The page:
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  1. #11
    Newt_on_Swings's Avatar
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    You should cut out the plastic sleeves instead of trying to pull out the negatives if they are sticking. Sleeves are cheap.

  2. #12

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    I'd suggest using the paper file pages which are available. These allow the negative strips to 'breathe' far more than the plastic sleeves. The paper may well be less protective than the plastic in the long term (many decades), but I have been using both sorts of sleeves for nearly forty years without noticeable problems - I have lived only in an easy climate though.

    The gelatine and emulsion coating of the plastic film will have the same moisture content as it's surroundings, however if the humidity is very high then the film may not dry out enough to withstand repeated handling. If this seems to be the case in future then it will be worth looking at using a hardening-fixer to toughen the emulsion chemically. This is a perfectly legitimate way to cope with climatic conditions and the only (slight) downsides are a few more minutes fixing and washing time.
    Last edited by MartinP; 06-24-2013 at 05:20 AM. Click to view previous post history. Reason: typo

  3. #13

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    High humidity is the culprit.
    It would be better to use glassine sleeves and some silica gel to lower humidity.

  4. #14
    MattKing's Avatar
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    If you do have access to somewhere that has humidity control, that would be the place to finish drying the negatives and sleeving them.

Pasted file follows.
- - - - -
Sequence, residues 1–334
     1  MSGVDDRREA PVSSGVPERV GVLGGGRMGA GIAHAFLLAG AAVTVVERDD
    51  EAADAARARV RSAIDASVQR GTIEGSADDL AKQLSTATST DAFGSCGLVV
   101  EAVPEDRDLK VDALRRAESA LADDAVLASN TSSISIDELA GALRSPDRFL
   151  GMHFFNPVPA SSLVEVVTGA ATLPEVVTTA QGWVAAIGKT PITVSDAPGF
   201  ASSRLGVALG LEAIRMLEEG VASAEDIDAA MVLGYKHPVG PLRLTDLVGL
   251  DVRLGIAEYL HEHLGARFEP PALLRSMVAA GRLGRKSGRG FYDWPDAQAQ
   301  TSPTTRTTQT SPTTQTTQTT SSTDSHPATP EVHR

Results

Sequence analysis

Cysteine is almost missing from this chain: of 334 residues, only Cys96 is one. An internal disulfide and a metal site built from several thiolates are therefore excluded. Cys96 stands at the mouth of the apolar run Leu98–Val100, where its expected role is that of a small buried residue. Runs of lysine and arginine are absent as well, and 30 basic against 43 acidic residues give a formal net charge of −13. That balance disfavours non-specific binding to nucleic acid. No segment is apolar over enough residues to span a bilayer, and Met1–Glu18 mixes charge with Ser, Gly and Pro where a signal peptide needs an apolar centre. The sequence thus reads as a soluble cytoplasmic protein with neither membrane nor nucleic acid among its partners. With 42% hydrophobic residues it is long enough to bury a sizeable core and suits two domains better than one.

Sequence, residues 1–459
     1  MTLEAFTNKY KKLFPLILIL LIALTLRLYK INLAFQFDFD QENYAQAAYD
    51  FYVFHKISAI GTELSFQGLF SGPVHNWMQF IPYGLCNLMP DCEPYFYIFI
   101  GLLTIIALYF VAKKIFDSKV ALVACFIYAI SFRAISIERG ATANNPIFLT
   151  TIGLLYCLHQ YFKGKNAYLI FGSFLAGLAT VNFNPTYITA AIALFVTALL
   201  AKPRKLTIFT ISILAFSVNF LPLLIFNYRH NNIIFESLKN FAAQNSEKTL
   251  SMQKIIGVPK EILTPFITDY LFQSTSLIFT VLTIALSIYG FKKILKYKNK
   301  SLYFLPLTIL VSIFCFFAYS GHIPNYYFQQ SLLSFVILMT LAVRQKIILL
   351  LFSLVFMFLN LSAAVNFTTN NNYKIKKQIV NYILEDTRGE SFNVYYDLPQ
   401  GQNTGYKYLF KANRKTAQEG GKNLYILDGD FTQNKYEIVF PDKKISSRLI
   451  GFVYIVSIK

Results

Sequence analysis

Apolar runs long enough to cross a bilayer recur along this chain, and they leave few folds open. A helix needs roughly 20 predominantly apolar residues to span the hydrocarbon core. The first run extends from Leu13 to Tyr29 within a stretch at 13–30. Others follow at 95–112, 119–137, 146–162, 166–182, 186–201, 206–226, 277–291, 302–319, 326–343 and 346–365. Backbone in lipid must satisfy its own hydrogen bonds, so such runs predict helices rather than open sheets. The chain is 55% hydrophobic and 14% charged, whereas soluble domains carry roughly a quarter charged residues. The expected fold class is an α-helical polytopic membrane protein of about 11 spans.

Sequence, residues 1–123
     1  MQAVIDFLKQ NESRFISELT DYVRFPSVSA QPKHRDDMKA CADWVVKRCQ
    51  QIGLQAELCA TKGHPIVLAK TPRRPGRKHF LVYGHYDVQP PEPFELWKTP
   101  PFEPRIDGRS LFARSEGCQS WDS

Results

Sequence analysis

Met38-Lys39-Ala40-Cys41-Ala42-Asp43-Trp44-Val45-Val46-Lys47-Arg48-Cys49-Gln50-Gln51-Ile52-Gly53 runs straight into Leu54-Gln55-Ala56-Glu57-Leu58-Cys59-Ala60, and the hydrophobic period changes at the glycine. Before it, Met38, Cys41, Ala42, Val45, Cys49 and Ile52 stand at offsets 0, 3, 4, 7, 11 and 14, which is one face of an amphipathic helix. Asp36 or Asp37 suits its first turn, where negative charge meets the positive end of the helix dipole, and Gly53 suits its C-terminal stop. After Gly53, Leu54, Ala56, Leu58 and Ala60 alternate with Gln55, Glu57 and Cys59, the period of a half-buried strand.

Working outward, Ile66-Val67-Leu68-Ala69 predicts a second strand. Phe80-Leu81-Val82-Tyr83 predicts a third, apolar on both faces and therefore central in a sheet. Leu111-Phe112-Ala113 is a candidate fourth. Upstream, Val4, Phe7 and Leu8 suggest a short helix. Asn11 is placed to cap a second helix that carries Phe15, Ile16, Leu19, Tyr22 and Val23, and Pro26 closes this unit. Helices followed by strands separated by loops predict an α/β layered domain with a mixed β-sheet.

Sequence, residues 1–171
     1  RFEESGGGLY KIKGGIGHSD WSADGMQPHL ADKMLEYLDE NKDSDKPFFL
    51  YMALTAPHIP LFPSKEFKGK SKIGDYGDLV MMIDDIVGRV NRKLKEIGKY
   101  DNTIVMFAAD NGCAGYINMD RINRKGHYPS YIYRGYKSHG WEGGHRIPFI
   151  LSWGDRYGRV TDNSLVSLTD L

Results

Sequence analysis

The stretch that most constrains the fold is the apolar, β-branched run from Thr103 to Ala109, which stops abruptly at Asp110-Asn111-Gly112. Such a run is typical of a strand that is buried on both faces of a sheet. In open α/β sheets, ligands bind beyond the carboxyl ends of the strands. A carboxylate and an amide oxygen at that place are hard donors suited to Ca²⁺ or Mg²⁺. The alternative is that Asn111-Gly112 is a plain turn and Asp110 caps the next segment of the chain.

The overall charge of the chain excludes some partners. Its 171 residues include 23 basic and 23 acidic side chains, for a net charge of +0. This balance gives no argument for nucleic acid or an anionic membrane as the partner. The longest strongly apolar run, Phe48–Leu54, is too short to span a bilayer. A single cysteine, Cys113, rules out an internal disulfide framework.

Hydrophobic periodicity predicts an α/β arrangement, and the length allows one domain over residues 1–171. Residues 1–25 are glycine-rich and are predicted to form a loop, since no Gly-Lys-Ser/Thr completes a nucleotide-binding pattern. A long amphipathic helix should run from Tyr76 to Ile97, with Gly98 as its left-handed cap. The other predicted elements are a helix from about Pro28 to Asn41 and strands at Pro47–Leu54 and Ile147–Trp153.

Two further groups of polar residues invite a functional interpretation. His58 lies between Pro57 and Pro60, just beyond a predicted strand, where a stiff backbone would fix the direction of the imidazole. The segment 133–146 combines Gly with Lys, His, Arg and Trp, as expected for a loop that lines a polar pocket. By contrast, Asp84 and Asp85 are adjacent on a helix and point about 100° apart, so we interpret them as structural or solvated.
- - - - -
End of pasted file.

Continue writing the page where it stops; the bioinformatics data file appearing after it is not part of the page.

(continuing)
Matt

    “Photography is a complex and fluid medium, and its many factors are not applied in simple sequence. Rather, the process may be likened to the art of the juggler in keeping many balls in the air at one time!”

    Ansel Adams, from the introduction to The Negative - The New Ansel Adams Photography Series / Book 2

  5. #15

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    I've been preaching the gospel against those plastic negative pages for 40 years, on exactly that count.

  6. #16

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    I had a similar experience when I accidently mixed photo-flo at 1:20 instead of 1:200. There was sticky soap on the negs! After watching the plastic sleeves scratch some c-41 negs, I stopped using them altogether. I put my negs in envelopes between slips of acid free paper.

  7. #17

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    I'd suggest OP to dry it overnight and try this again.

    I live in HUMID Florida and have not experienced this. Of course my house is air conditioned and OP lives in India, so that may be a factor. I understand electrical service is not that reliable and A/C is not commonly in use in many parts of the country.
    Develop, stop, fix.... wait.... where's my film?

  8. #18
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    I live in FL too, and never experienced this. My house is air conditioned too....but I have developed film without power for days, outside, and never had this problem.

    From the pictures...That looks like ALOT of water would have to still be on those negatives...like a visible amount of water still on the negative?

    I am with Chris - looks like maybe way too much photo-flo to me too. The last picture, is that dried on the negative? It is shiny right? Or am I crazy?
    steve barry
    my stuff

  9. #19
    Patrick Robert James's Avatar
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    Well, seeing as you live in Mumbai and it is summer there, the best thing you could probably do is get a hairdryer and use that. Even in Florida the humidity isn't 100% which is what you may be experiencing. If the humidity is close to 100% the negs just won't dry without a little help.

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